Emilie Burnham Faith, 1st year graduate student, examining distant galaxy populations to understand the short-term timescales of fluctuations in their star formation rates.

Junyu Zhang, Penn State undergraduate, identifying rejuvenating galaxies using spectroscopy.

Nathan Cristello, Penn State undergraduate, building large catalogs of galaxy properties using ultra-fast simulation-based inference.

Former Group Members

Group members who have graduated and gone on to other positions.

Will Bowman (current postdoc at Yale University)


Simple Models of Galaxy Assembly

I started my Ph.D in 2010 at Yale University with Professor Pieter van Dokkum. This was an exciting time to be studying galaxy evolution. We were in the middle of the first wide, deep, and unbiased (mass-selected) surveys of galaxy evolution at "cosmic noon", spear-headed by ambitious programs with the Hubble Space Telescope such as 3D-HST and CANDELS. As a result, astronomers had now surveyed the vast majority of the galaxy population over the majority of cosmic time for the very first time. My advisor and I thought that it was now the ideal time to "put it all together" and write down how galaxies grew up in a simple analytical model. This was the beginning of my thesis.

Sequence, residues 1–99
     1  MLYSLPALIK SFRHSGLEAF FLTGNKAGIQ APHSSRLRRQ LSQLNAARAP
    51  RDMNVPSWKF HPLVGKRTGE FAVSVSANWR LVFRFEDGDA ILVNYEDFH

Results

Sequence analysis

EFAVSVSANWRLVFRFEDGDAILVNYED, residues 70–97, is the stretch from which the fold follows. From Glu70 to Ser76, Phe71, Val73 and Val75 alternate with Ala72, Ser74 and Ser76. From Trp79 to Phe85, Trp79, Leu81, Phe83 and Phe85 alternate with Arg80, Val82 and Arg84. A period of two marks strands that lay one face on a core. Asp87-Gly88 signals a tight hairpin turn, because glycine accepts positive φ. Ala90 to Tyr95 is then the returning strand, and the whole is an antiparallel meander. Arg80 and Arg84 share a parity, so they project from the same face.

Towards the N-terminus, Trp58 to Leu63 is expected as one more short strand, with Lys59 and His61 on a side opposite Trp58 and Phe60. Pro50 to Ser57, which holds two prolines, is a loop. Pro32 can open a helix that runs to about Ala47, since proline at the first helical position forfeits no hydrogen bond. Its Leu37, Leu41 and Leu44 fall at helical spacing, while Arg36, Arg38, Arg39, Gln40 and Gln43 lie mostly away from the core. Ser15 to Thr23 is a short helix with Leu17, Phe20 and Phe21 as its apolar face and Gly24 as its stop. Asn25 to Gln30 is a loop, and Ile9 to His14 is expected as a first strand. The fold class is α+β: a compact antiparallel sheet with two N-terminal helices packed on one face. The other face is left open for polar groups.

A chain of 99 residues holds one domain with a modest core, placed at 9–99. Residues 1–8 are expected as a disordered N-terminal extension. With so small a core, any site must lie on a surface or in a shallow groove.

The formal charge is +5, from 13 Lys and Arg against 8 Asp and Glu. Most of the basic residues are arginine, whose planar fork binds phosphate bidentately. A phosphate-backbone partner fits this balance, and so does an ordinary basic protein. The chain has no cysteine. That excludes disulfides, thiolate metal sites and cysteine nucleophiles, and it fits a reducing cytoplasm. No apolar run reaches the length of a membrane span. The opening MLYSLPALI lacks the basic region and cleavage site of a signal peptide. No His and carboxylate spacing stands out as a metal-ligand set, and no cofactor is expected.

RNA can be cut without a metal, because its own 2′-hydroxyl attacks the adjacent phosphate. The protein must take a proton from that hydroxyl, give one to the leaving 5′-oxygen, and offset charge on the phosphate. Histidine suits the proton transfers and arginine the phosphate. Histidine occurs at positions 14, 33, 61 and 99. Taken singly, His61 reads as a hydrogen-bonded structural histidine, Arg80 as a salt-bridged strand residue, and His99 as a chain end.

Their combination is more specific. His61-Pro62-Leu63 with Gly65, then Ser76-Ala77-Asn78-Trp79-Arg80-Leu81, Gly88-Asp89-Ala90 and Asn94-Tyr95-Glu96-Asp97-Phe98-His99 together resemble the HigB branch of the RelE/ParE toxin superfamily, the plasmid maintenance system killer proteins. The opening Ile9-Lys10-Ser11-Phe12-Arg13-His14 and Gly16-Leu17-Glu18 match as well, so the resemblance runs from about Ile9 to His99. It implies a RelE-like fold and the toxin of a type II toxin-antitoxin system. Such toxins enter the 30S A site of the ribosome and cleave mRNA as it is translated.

2013: Processes affecting galaxy evolution at a constant number density

However, after constructing and testing our analytical framework, we found a serious problem with this plan. Applying our model to two independent measurements of galaxy mass growth (the current rate of star formation and the current mass locked up in stars) resulted in galaxy growth rates which were systematically offset by a factor of two. This was a big problem. To put it in persepctive, our model suggested that a typical ancestor of the Milky Way would grow by a factor of 4-16 from z~2, a confidence interval so large as to be almost useless!

2015: Even after changing the SFR(M), observed masses and SFRs disagreed

A New Method to Measure Galaxy Properties

The problem lay in the models we used to convert galaxy observations into galaxy properties. While these models had had many successes over many years, they were not quite precise enough to answer the questions we needed to answer. We identified three specific problems: